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What causes PTSD?

Vol. 6, No. 8 / August 2007

The article “6 keys to resilience for PTSD and everyday stress,” (Current Psychiatry, April 2007) makes only a small reference to post-traumatic stress disorder’s (PTSD) biologic factors. My knowledge of PTSD comes from my experience as a psychiatrist for Special Forces soldiers from 1964 to 1966 and follow-up studies by Peter Bourne, MD, and Colonel Lewellyn Legters, MD.

During the Vietnam War, Dr. Bourne noted that there was no rise in cortisol levels in the blood of Special Forces soldiers in battle. The casualty rate at that time was 1 in 10 wounded in a year. Pentagon or Special Operations soldiers placed in Special Forces had a casualty rate of 1 in 2 killed in Vietnam in 7 months.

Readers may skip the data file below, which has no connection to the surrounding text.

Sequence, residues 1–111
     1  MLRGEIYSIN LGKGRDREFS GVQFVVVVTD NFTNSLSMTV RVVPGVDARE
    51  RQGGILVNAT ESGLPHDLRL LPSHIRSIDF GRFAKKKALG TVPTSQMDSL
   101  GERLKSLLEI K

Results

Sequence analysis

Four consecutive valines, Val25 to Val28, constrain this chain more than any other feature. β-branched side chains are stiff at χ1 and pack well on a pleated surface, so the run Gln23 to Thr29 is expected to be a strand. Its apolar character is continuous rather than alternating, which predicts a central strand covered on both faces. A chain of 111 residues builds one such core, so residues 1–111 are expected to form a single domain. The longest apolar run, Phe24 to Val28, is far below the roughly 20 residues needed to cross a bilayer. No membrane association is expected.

Only 3% of the population will come through stressful experiences without some emotional sequelae. So what were the resilience factors in Special Forces troops that prevented combat fatigue, shell shock, or PTSD? Special Forces soldiers often had a long history of accepting and accomplishing challenges. This is different from mastering childhood adversity such as deaths, relocations, or family job loss.

Leonard R. Friedman, MD
Revere, MA

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